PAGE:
Women’s involvement in the Revolutionary War started their political impact in America.
The presidential election of 1816 was between the Federalist candidate, Rufus King, and the democratic-republican candidate, James Monroe. At the time, the federalists were beginning to lose support, causing the democratic-republicans to gain popularity.
Federalists encouraged women’s participation in politics more then the Democratic-republicans, though neither party actually wanted women involved.
There were various ways that women were indirectly involved in politics such as, influencing their sons, father, and husbands.
“Men seemed too involved, too distracted, and too passionate to dampen the flames of party conflict and division.” (Zaggari, 125)
“’[Women] have it in their power to inculcate ‘respect, sobriety, and decency in the youth, and pointedly to wit-hold their smiles and civilities from all who transgress these in the smallest degrees. This is a method of proceeding that will most certainly be victorious.’ By rewarding certain behaviors and sanctioning others, women could turn society away from party strife and toward mutuality, harmony, and unity.” (Zaggari, 129)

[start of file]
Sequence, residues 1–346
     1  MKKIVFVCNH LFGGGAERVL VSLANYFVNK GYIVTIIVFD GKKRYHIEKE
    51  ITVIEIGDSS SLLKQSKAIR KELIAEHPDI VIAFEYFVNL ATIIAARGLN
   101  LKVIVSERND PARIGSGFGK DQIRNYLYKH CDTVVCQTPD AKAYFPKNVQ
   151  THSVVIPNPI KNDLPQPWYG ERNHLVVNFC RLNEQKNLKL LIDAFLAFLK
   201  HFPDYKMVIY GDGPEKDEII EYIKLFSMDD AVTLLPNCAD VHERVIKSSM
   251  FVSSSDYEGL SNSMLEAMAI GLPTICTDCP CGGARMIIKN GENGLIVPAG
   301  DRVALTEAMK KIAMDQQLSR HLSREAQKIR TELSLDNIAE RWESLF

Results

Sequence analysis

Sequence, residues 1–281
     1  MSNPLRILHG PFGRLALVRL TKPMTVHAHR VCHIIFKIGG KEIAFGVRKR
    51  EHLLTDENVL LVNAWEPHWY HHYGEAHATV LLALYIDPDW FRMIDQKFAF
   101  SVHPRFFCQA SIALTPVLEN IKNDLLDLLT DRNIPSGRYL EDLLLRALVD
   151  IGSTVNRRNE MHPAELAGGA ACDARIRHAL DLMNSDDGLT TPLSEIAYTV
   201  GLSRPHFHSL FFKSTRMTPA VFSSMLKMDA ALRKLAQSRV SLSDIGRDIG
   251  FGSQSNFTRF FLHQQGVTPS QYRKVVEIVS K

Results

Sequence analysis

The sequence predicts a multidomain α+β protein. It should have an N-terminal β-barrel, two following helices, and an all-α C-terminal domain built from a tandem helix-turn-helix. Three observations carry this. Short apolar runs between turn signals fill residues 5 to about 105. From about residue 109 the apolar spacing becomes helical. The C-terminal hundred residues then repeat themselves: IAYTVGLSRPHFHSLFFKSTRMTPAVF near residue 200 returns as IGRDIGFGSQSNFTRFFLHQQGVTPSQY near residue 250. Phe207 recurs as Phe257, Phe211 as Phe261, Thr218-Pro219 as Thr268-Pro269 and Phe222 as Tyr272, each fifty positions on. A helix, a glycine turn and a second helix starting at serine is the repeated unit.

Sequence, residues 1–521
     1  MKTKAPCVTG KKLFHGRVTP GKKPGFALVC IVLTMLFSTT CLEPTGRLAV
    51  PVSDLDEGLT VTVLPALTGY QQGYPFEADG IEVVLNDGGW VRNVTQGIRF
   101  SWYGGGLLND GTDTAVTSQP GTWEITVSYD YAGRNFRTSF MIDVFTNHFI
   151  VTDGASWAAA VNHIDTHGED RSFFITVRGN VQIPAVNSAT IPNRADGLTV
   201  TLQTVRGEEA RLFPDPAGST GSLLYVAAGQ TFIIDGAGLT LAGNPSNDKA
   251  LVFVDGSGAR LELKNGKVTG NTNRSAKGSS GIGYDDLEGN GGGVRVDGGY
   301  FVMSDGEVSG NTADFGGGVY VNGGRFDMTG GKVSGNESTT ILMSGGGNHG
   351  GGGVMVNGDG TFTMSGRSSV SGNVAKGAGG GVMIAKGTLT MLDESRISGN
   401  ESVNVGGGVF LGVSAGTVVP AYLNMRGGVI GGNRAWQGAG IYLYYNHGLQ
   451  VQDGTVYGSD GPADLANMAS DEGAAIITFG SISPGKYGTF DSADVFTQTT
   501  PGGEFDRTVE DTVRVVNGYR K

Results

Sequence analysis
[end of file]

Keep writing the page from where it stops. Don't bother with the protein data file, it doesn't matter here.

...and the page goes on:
“Rather than convince men through reason or logic, they should manipulate them with the power of their beauty, the ‘magic’ of their smiles, ‘threats’ of their tears, or the virtue of their moral example. Acting as her “husband’s faithful friend and privy counselor,” a wife could take advantage of his ‘childlike moods,’ when ‘his feelings and affections are melted and softened into unusual plasticity,’ and turn his ambition, self-interest, and doubt ‘onto the path of virtue.’” (Zagarri, 129)
Depending on what party you belonged to, affected the way you perceived women. Women who supported your party were seen as virtuous, moral, and innocent.
Women who did not support your party were seen in a negative way.
Zagarri, Rosemarie. Revolutionary Backlash: Women and Politics in the Early American Republic. Philadelphia: University of Pennsylvania, 2007. Print.
Brown, James, perf. It's a Man's Man's Man's World. Universe, 2002. MP3.